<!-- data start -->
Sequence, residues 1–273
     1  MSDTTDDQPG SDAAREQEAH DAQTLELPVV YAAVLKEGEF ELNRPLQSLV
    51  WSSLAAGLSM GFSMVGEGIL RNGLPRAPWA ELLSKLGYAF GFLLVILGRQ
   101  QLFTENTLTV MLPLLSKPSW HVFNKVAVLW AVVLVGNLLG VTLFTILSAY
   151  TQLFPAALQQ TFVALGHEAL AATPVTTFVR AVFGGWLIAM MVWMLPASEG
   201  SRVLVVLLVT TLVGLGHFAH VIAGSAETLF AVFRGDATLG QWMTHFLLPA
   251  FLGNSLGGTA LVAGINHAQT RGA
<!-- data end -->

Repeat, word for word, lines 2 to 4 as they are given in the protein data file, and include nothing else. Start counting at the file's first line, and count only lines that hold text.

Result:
     1  MSDTTDDQPG SDAAREQEAH DAQTLELPVV YAAVLKEGEF ELNRPLQSLV
    51  WSSLAAGLSM GFSMVGEGIL RNGLPRAPWA ELLSKLGYAF GFLLVILGRQ
   101  QLFTENTLTV MLPLLSKPSW HVFNKVAVLW AVVLVGNLLG VTLFTILSAY